What is Spread in Forex Trading?
Last Updated: July 25, 2020
Before attempting to understand the fundamentals of spreads in forex trading, one must first cover all their bases and understand the process of forex trading itself.
When you take a closer look at the forex trade structure, you will observe that all trades conducted on the foreign exchange are done through intermediaries.
These intermediaries need to be remunerated for their services and that remuneration is usually done in the form of a forex spread.
In this article, we will go in great detail about forex spread trading, forex spread comparison, what they mean and how you can calculate them as well as strategies you can use to make them work to your advantage.
Understanding Forex Spread
Seasoned traders are usually aware of the fact that spreads can be easily found in almost every market and the foreign exchange is no exception in that regard.
A forex spread depends heavily on the “ask” price and the “bid” price of a currency pair. Let us understand what these two terms mean.
“Bid” price refers to the selling value of the base currency and “ask” price is the value at which you can buy the base currency and when you calculate the difference between the two, you get a price that is known as the spread.
Interestingly, a forex spread also happens to be the main source of income for various brokers who offer commission-free services to their clients.
Brokers practice this as it is a smart way of making money because:
a. It is a great marketing gimmick that will attract many customers as everyone will be interested when they see the words “commission-free” on their broker’s advertisement campaign.
b. This service is guaranteed to make money for the broker in one way or another.
How Forex Spreads Work
Forex spreads are predominantly measured in the smallest unit of the price movement of a currency pair known as a Pip (Percentage in Point).
In case of a significantly big spread, the difference between two price points is sure to be higher which means there is a condition of low liquidity and high volatility for the trader.
Let us consider a simple scenario where a laptop repair shop offers to buy your old laptop. Now if they want to be able to make a profit from this deal then they’d have to buy your laptop at a price that is higher than their reselling price.
So their best option is to buy it from you for $700 and sell it for $899 after refurbishing it.
This balance can be referred to as the spread in this scenario.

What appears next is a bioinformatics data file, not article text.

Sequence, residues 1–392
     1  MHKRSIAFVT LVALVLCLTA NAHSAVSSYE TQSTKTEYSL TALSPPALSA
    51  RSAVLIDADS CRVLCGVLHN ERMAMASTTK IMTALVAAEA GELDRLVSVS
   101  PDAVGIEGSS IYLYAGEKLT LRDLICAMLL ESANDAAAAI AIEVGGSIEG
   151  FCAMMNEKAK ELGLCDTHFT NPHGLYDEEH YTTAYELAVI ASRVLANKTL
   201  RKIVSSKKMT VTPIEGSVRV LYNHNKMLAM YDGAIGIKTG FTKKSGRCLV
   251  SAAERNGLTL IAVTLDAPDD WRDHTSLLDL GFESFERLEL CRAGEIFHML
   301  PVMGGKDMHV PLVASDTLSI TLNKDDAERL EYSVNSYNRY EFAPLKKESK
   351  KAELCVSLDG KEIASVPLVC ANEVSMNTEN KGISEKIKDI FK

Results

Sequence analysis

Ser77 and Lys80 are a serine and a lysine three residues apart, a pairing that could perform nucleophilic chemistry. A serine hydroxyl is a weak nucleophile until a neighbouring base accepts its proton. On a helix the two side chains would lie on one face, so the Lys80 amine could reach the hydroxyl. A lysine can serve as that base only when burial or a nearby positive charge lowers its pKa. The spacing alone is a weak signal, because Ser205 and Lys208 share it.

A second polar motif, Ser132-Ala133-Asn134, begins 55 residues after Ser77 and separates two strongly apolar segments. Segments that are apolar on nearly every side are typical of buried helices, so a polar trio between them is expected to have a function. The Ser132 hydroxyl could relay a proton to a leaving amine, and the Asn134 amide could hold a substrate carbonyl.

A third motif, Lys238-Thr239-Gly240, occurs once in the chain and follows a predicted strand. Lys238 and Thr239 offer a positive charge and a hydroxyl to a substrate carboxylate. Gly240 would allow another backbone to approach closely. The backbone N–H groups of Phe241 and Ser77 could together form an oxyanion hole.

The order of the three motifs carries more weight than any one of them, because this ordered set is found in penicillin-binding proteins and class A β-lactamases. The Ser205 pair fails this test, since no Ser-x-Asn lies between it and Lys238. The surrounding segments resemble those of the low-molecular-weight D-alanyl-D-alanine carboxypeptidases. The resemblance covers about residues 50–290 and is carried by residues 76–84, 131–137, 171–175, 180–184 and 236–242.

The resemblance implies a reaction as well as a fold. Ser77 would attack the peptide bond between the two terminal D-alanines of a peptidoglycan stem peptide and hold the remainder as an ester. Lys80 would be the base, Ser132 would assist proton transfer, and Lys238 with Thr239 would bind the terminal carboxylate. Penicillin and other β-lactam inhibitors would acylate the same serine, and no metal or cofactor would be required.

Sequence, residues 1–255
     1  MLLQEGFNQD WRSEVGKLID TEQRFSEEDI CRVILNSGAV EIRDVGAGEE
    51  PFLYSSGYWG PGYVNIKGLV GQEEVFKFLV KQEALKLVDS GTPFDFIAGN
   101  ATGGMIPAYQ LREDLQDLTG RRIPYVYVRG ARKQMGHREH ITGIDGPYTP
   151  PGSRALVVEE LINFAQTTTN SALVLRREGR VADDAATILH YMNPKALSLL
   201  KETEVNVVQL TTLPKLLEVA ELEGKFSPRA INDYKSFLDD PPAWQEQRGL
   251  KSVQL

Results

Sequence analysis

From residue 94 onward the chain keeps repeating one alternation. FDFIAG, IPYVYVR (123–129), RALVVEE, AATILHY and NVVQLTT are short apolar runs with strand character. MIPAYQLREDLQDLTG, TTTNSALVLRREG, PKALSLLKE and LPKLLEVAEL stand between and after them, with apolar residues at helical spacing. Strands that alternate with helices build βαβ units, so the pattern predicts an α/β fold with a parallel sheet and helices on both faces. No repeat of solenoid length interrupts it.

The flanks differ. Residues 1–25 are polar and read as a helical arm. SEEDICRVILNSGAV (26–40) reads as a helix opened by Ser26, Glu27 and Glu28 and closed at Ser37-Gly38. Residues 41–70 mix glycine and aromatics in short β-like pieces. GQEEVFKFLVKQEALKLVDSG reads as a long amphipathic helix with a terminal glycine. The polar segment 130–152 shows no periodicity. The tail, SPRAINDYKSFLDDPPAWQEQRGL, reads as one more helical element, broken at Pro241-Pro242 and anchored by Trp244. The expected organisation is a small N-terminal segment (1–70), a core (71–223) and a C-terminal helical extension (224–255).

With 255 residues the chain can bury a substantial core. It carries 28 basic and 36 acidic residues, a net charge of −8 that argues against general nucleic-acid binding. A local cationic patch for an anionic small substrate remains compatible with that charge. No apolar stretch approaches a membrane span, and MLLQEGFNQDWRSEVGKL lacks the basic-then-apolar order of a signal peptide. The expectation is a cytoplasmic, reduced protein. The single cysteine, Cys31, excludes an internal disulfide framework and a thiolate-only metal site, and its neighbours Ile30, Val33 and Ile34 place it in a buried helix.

Spreads can also be categorized as high or low, in case the spread is high then the trader can assume that there is high volatility in the market or there is low liquidity in the market.
In case the spread is low, then the trader can assume that market volatility is low but liquidity is high.
Types Of Spreads In Forex
You will find two types of spreads on the foreign exchange.
1. Fixed Spreads: As the name suggests, fixed spreads are always fixed and they don’t fluctuate with the market.
Fixed spreads are more suitable for beginners as they require smaller capitals and carry predictable transaction costs.
The only downsides of fixed spreads are that they are more prone to be exposed to slippage and can be requoted.
2. Variable Spreads: Unlike fixed spreads, variable spreads do not stay stagnated and they experience constant changes over time.
Variable spreads are more suitable for traders with a little more experience with forex.
Variable spreads do not run the risk of slippage and they cannot be requoted as well.
How To Calculate Spreads
Calculating a spread is an easy task.
To calculate a forex spread accurately, you will need two things. One is the value per Pip and the other is the number of lots that are trading.
For example, if a trader buys USD/EUR at 1.35640 and sells it for 1.35626, then the spread in pips would be 1.35626/1.35640 i.e 1.4 pips.
Furthermore, you can use this result to calculate the total cost of the trade by multiplying the pips you calculated with the number of lots that you are trading.
For example, if you were trading mini lots that contain 10,000 units and the value per pip were to be at $1, then your transaction cost would be $1.40 for this theoretical trade.
Traders should also keep in mind that your transaction costs will increase if your position size is also increased.
So if you were to be trading with 10 mini lots in the above example instead of just 1, then your transaction cost would come at $14 (Transaction cost per 1 mini lot times 10).
Traders often use forex spread comparison tools to determine the best options available to them. Many of them can be easily found online.
Forex Spread Trading In Your Favour
There are mainly two ways in which you can use forex spreads to work in your favor while trading.
The first method is to stick to the most favorable hours for trading. This period is usually identified by the high volume of active buyers and sellers in the market.
Peak hour means peak trading activity in the market that will consequently increase the competition as well as the business demand.
Market makers will be sure to narrow their spreads so that they can be captured easily which is why it is important to make sure to identify the peak trading hours of different time zones.
The second method is to trade in popular currencies as much as you can and avoid the less traded ones.
The reason for this is that market makers will often prioritize the commonly traded currencies over the lesser traded ones.
What this means is that you won’t be able to find many market makers to accept your trade as they’ll be busy going after the popular currency pairs such as USD/JPY, GBP/USD, etc.